The next year, she asked family members and friends to help her make more Easter baskets, and then summer baskets as well. Eventually, Alanna also solicited donations through collection boxes, letters to local businesses, a partnership with a local nonprofit group and a “hat day” at her school. So far, she has distributed more than 300 “Feel Better” baskets, each containing a bubble-blowing kit, a toy or activity, candy and a stuffed animal. In addition, Alanna has used more than $2,000 in monetary donations to buy DVDs, video and board games, and craft supplies for hospitalized children. “Kids should have time to be kids even when they’re in the hospital,” said Alanna. “I don’t want them to be scared.”

“As we celebrate the 20th anniversary of The Prudential Spirit of Community Awards, we are delighted to recognize the 2015 honorees for their exemplary volunteer service,” said John Strangfeld, chairman and CEO of Prudential Financial, Inc. “These young people have demonstrated leadership, compassion and perseverance, and we look forward to seeing all they accomplish in the future.”

“These honorees represent the best of what America’s youth have to offer,” said G.A. Buie, president of NASSP. “They have set a powerful example for their peers by proving that one young person really can make a difference, and it is a privilege to shine a spotlight on their good works.”

Youth volunteers in grades 5-12 were invited to apply for 2015 Prudential Spirit of Community Awards last fall through schools, Girl Scout councils, county 4-H organizations, American Red Cross chapters, YMCAs and affiliates of the HandsOn Network. More than 33,000 middle level and high school students nationwide participated in this year’s program.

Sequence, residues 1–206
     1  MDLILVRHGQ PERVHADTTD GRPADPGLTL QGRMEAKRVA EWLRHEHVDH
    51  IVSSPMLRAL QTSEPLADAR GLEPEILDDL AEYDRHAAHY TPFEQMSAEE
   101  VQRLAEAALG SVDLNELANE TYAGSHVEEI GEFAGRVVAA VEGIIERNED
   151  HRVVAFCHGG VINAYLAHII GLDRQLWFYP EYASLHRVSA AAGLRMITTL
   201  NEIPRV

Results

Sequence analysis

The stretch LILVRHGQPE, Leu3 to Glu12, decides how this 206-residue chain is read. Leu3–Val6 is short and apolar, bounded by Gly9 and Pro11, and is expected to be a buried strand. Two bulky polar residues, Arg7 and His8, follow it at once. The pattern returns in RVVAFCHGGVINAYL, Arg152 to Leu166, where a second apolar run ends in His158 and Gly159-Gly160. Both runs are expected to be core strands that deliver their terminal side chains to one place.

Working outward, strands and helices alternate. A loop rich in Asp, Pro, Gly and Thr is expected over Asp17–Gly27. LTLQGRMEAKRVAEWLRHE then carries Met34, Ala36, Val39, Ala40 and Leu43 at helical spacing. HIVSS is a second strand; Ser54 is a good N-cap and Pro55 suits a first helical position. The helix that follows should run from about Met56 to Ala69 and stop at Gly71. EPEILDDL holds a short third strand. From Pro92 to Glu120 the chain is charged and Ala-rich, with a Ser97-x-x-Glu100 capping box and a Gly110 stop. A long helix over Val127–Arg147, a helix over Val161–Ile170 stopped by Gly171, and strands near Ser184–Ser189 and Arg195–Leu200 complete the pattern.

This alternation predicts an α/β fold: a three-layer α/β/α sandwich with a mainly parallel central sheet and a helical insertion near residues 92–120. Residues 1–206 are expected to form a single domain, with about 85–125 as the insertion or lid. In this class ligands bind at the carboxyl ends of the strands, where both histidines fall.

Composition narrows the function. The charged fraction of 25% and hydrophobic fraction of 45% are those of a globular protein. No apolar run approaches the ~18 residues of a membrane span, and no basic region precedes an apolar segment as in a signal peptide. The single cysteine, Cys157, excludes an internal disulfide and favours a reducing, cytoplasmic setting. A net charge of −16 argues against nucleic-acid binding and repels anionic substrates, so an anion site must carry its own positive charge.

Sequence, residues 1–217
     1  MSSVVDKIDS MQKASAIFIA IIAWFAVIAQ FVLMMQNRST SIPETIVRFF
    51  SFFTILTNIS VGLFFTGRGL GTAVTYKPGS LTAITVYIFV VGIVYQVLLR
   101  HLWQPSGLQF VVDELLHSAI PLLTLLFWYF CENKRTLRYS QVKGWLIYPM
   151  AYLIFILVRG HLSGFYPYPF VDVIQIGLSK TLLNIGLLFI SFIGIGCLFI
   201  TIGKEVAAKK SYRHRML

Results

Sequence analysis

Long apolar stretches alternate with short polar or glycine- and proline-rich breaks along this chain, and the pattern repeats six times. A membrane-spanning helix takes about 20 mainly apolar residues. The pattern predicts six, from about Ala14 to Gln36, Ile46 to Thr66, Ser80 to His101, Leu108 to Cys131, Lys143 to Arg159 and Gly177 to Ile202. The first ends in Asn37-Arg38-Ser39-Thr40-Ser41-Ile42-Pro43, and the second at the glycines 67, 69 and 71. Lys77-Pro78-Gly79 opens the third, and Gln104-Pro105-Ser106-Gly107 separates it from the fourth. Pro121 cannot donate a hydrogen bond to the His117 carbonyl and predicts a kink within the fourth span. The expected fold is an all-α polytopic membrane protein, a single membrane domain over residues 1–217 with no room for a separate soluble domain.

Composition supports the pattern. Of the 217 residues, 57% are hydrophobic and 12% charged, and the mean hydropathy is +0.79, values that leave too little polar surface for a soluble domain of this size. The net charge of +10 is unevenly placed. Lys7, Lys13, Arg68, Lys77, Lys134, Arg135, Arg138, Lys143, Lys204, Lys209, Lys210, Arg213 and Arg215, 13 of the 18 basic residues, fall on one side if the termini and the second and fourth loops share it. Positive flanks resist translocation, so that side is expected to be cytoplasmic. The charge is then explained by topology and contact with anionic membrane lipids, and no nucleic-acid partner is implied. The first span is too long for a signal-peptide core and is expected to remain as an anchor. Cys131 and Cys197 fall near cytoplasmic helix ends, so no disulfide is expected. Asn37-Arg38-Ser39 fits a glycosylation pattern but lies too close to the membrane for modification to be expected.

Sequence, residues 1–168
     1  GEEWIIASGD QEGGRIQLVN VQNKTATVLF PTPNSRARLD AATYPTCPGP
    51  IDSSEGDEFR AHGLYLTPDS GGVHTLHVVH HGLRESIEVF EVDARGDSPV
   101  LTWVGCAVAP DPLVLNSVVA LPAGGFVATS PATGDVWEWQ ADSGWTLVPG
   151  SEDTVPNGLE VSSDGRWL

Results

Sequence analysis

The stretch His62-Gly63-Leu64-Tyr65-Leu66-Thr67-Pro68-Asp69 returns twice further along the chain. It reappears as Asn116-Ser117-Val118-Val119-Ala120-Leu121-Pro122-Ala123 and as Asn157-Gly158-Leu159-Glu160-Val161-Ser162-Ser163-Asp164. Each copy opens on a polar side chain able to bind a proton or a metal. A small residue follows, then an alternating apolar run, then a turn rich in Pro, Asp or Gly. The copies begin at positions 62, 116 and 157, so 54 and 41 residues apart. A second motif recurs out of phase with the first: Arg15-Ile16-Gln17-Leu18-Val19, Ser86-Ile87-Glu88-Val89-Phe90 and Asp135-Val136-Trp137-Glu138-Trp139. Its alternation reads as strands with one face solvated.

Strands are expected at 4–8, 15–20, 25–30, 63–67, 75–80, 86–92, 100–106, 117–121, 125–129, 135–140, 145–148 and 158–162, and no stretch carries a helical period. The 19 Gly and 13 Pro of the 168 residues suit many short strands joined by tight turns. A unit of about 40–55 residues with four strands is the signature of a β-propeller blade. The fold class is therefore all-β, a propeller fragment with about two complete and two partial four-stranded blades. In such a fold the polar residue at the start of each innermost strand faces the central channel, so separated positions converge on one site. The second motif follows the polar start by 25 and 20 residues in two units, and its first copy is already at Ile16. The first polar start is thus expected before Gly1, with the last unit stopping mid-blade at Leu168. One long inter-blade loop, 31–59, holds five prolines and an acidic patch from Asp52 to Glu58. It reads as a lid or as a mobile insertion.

The Prudential Spirit of Community Awards program was created in 1995 to identify and recognize young people for outstanding volunteer service – and, in so doing, inspire others to volunteer, too. In the past 20 years, the program has honored more than 100,000 young volunteers at the local, state and national level.

For more information about The Prudential Spirit of Community Awards and this year’s honorees, visit http://spirit.prudential.com or www.nassp.org/spirit.

About NASSP

The National Association of Secondary School Principals (NASSP) is the leading organization of and voice for middle level and high school principals, assistant principals, and school leaders from across the United States and 35 countries around the world. The association connects and engages school leaders through advocacy, research, education, and student programs. NASSP advocates on behalf of all school leaders to ensure the success of each student and strengthens school leadership practices through the design and delivery of high-quality professional learning experiences. Reflecting its long-standing commitment to student leadership development, NASSP administers the National Honor Society, National Junior Honor Society, National Elementary Honor Society, and National Association of Student Councils. For more information about NASSP, located in Reston, VA, visit www.nassp.org.

About Prudential Financial

Prudential Financial, Inc. (NYSE: PRU), a financial services leader, has operations in the United States, Asia, Europe, and Latin America. Prudential’s diverse and talented employees are committed to helping individual and institutional customers grow and protect their wealth through a variety of products and services, including life insurance, annuities, retirement-related services, mutual funds and investment management. In the U.S., Prudential’s iconic Rock symbol has stood for strength, stability, expertise and innovation for more than a century. For more information, please visit www.news.prudential.com.

Editors: For full-color pictures of the Spirit of Community Awards program logo and medallions, click here: http://bit.ly/Xi4oFW

For B-roll of Minnesota's honorees at the 2015 national recognition events, contact Prudential’s Harold Banks at (973) 216-4833 or harold.banks@prudential.com.

Contacts

Prudential
Harold Banks, (w) 973-802-8974 or (c) 973-216-4833
harold.banks@prudential.com
or
NASSP
Robert Farrace, 703-860-7257

Contacts

Prudential
Harold Banks, (w) 973-802-8974 or (c) 973-216-4833
harold.banks@prudential.com
or
NASSP
Robert Farrace, 703-860-7257